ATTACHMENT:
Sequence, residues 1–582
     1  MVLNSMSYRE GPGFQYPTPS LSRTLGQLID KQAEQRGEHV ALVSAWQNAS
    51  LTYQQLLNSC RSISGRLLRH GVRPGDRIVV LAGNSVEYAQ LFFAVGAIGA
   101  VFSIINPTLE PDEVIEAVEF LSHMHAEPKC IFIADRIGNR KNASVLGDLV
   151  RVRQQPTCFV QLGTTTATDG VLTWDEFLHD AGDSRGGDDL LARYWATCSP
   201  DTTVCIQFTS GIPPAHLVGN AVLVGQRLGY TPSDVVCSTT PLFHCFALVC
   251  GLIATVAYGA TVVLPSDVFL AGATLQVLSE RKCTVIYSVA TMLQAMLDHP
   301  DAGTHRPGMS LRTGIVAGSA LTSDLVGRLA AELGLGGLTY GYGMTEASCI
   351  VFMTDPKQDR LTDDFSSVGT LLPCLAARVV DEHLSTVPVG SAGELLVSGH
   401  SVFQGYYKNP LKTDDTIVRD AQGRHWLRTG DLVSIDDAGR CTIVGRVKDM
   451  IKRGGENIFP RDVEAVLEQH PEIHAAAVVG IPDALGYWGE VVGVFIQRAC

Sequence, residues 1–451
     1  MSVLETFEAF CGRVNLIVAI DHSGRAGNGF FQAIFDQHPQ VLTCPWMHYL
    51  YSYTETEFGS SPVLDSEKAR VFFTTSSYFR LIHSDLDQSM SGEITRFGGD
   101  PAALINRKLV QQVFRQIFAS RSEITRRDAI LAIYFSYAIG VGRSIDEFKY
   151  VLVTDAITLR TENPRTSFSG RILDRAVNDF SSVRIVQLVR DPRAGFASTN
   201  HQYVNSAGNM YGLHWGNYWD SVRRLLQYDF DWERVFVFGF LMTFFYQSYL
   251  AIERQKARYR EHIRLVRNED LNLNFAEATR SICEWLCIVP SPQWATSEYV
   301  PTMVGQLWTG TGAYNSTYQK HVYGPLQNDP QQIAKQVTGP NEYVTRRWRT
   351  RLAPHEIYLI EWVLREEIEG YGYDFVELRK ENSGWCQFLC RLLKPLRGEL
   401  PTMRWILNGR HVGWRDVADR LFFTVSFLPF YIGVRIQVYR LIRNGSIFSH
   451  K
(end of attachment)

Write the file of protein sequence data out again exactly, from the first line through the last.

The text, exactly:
Sequence, residues 1–582
     1  MVLNSMSYRE GPGFQYPTPS LSRTLGQLID KQAEQRGEHV ALVSAWQNAS
    51  LTYQQLLNSC RSISGRLLRH GVRPGDRIVV LAGNSVEYAQ LFFAVGAIGA
   101  VFSIINPTLE PDEVIEAVEF LSHMHAEPKC IFIADRIGNR KNASVLGDLV
   151  RVRQQPTCFV QLGTTTATDG VLTWDEFLHD AGDSRGGDDL LARYWATCSP
   201  DTTVCIQFTS GIPPAHLVGN AVLVGQRLGY TPSDVVCSTT PLFHCFALVC
   251  GLIATVAYGA TVVLPSDVFL AGATLQVLSE RKCTVIYSVA TMLQAMLDHP
   301  DAGTHRPGMS LRTGIVAGSA LTSDLVGRLA AELGLGGLTY GYGMTEASCI
   351  VFMTDPKQDR LTDDFSSVGT LLPCLAARVV DEHLSTVPVG SAGELLVSGH
   401  SVFQGYYKNP LKTDDTIVRD AQGRHWLRTG DLVSIDDAGR CTIVGRVKDM
   451  IKRGGENIFP RDVEAVLEQH PEIHAAAVVG IPDALGYWGE VVGVFIQRAC

Sequence, residues 1–451
     1  MSVLETFEAF CGRVNLIVAI DHSGRAGNGF FQAIFDQHPQ VLTCPWMHYL
    51  YSYTETEFGS SPVLDSEKAR VFFTTSSYFR LIHSDLDQSM SGEITRFGGD
   101  PAALINRKLV QQVFRQIFAS RSEITRRDAI LAIYFSYAIG VGRSIDEFKY
   151  VLVTDAITLR TENPRTSFSG RILDRAVNDF SSVRIVQLVR DPRAGFASTN
   201  HQYVNSAGNM YGLHWGNYWD SVRRLLQYDF DWERVFVFGF LMTFFYQSYL
   251  AIERQKARYR EHIRLVRNED LNLNFAEATR SICEWLCIVP SPQWATSEYV
   301  PTMVGQLWTG TGAYNSTYQK HVYGPLQNDP QQIAKQVTGP NEYVTRRWRT
   351  RLAPHEIYLI EWVLREEIEG YGYDFVELRK ENSGWCQFLC RLLKPLRGEL
   401  PTMRWILNGR HVGWRDVADR LFFTVSFLPF YIGVRIQVYR LIRNGSIFSH
   451  K